Sunday, March 18, 2012


I tossed with lots of ideas for the balance quilt, like a poem about two tightrope walkers that I would have loved to translate into an image, but got me really tangled. Then there was this saying: ‘Balance is the visual weight in design’, right down my alley! After I had sketched some designs they all were very colourful and balanced, but I wanted to dig a little deeper into this theme and try some new techniques. Then I tried to work on a feng shue like quilt, I worked out the idea of Audio Balance, a technique to feel balanced again after a burn out, which is all done with a computer programme, but none of the ideas did see the light.

So the pondering and procastination started all over again. Both my husband and I have been diagnosed in the past with vestibular neuritis (caused by a viral infection in the ear) and experienced an extreme balance disorder. So, there it was, my theme for the quilt! Vertigo! *

I painted fabric and lutradur with blue and yellow inks to obtain that (not so nice) green colour, that you get when you have vestibular neuritis. I printed a drawing of the ear and the inner ear (equilibrium) on lutradur, fused it to the fabric and stitched it down after I basted the quilt layers. With red shining paint and a thermofax screen I printed lines on the lutradur. These lines stand for the ‘short circuit’ that takes place in the equilibrium.

I used a variegated thread and elongated the screen print lines with the quilting. I was still missing the dizzy factor, so I quilted circles with another thread (no quilt without circles for me he?)

When you have this severe dizziness your eyes move rapidly from the left to the right or in circles and it feels like the world is spinning, so you can’t focus. You might experience problems with speech and sight. I stamped the words balance, giddy, tumble, woozy, speech, fuzzy, nausea and blurry in one of the circles, and stamped them again with a darker colour, to make it all a bit more blurry. Then I stamped little stars in another circle but the effect was almost nill, so I embroidered over the stars.

I wasn’t too happy with the overall result and needed something to lighten up the greenish background colour (green is my least favourite colour you know... ) and made a yellow binding with some red fabric pieces that I had painted with the SG paint.

I allowed myself too short a period of time (5 days) to make this quilt, so I miss my happy colourful self a bit, but well, you win some, you loose some.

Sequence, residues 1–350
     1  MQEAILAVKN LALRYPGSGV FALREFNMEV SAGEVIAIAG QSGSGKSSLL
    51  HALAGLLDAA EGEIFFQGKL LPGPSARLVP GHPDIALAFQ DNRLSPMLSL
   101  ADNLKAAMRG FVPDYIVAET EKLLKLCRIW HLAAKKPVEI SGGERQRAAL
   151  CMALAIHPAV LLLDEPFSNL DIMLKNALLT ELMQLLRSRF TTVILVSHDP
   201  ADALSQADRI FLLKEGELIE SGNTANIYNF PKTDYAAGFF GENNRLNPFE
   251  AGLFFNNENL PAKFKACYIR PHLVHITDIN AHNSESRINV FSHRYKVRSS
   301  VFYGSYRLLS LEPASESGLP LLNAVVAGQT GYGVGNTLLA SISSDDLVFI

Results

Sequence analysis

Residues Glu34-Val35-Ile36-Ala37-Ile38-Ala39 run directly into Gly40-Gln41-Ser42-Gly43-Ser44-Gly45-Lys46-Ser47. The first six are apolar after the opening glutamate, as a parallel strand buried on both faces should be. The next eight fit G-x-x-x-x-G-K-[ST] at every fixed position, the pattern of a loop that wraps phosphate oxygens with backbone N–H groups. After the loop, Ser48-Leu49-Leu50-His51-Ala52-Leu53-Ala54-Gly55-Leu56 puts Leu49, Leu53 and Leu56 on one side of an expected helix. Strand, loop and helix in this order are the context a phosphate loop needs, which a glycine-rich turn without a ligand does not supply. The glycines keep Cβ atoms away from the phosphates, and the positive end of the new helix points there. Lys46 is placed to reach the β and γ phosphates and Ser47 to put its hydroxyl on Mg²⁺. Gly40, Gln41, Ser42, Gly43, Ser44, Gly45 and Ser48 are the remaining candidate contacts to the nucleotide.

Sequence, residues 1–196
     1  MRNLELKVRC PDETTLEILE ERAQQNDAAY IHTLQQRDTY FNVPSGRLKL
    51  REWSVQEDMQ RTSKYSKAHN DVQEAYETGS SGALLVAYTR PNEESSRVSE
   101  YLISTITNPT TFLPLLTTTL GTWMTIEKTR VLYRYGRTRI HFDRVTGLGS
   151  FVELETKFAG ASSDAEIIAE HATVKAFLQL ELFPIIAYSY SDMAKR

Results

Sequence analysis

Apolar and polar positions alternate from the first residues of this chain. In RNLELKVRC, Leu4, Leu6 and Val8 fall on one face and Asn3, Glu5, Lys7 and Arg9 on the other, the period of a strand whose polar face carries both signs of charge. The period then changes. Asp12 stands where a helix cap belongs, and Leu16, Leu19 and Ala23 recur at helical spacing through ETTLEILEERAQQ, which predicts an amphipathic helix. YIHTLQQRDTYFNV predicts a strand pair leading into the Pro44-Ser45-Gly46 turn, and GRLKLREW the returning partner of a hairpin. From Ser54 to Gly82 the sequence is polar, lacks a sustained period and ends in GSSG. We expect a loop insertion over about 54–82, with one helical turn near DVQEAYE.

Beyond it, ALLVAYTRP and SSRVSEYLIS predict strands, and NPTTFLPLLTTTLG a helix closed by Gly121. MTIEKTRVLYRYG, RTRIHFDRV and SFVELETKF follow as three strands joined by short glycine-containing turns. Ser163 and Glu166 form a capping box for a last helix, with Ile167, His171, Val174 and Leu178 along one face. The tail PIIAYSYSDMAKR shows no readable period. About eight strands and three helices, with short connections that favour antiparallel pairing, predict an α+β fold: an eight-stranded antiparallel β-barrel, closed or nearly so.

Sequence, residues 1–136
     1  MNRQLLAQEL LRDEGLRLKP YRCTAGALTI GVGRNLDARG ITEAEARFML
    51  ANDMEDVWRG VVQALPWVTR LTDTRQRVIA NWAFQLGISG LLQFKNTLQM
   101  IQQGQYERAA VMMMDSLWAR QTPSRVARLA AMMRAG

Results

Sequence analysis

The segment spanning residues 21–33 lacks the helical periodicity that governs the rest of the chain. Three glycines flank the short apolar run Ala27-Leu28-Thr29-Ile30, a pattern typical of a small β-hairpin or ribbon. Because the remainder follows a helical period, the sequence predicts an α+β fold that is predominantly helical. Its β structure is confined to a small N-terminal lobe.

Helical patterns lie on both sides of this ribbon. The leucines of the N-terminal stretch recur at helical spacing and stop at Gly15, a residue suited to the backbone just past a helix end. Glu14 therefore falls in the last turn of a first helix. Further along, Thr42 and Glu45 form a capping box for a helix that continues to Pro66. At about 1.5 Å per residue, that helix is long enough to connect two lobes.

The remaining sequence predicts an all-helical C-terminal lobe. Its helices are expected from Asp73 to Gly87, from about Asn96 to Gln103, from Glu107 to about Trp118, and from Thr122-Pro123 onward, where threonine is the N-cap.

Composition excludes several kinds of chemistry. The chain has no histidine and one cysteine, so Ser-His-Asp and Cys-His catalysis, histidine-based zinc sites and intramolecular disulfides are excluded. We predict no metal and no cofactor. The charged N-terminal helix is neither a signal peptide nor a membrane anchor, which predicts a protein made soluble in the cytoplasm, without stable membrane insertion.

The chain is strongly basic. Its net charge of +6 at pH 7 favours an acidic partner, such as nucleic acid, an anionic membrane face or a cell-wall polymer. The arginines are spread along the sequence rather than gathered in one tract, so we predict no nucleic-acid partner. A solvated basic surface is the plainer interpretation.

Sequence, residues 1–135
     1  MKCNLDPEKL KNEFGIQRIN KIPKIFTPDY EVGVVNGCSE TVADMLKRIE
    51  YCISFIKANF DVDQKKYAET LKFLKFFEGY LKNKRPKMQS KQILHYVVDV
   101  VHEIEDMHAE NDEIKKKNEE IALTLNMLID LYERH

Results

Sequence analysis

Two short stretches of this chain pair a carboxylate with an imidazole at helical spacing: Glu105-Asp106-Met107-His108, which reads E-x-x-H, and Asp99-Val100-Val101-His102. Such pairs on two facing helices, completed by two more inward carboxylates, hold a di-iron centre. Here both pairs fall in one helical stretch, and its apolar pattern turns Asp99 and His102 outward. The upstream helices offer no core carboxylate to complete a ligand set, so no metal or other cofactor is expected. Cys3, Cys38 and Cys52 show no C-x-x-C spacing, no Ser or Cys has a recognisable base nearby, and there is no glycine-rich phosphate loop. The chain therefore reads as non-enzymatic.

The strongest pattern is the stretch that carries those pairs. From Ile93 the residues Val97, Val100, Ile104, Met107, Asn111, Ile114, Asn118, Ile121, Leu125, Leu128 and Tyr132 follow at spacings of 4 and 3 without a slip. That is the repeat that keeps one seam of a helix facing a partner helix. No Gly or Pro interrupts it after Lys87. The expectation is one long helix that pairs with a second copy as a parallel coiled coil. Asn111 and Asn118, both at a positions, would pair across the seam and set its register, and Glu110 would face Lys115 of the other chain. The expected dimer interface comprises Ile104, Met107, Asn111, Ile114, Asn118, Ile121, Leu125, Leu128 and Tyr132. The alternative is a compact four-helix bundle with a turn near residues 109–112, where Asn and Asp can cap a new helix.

Thanks Judy for this interesting theme that should have allowed me to work like I love most, simple and balanced but also challenged me to look further.


*(Vertigo (from the Latin Verto, ‘a whirling or spinning movement’ is a type of dizziness, where there is a feeling of motion when one is stationary. The symptoms are due to a dysfunction of the vestibular system in the inner ear. It is often associated with nausea and vomiting as well as difficulties standing or walking. There are three types of vertigo: objective − subjects are moving around the patient; subjective − patient feels as if moving himself; pseudovertigo − intensive sensation of rotation inside the patient's head. It can be caused by vestibular neuritis which is probably caused by a viral infection of the inner ear.)


  1. Well done Nicolette! I've also had the unpleasant experience of suffering from vertigo, and you have captured that feeling all to well! heehee. The spinning circles are the final touch. (This brings back memories that I hope not to repeat!)

  2. Nicolette, you did a fantastic job! Thank you for the close-ups and details on how you layered and created this. I think your yellow binding with the pop of red finished it perfectly.

  3. Nicolette, this is so different from your other pieces, and I love it! It pulls me in for a closer look, and I'm rewarded with more and more detail. Thanks for sharing your very personal journey on this one- and also the creative processes.

  4. Nicolette, i think you have created a very meaningful quilt with many layers and lots of depth. It was a topic I thought a lot about, but couldn't come up with a design for, so well done, you. I really like it.

  5. I am amazed at all the techniques you incorporated. Making it meaningful and personal was an excellent choice which also allows us to know you better and I admire your willingness to share. The circular quilting and the red lines enhance the focal point.

  6. Wow, Nicolette, you have outdone yourself on this one! You are a wonderful artist! I am sorry that you have suffered vertigo but I love your interpretation. AND I always marvel at your command of the English language!

  7. Oh my Nicolette! Live Beverly, this piece brought me in for a closer look at all of the detail you managed to portray. The central photo of the inner ear with the circular quilting and red lines really draw you in. A very intricate, imaginitive representation of the challenge!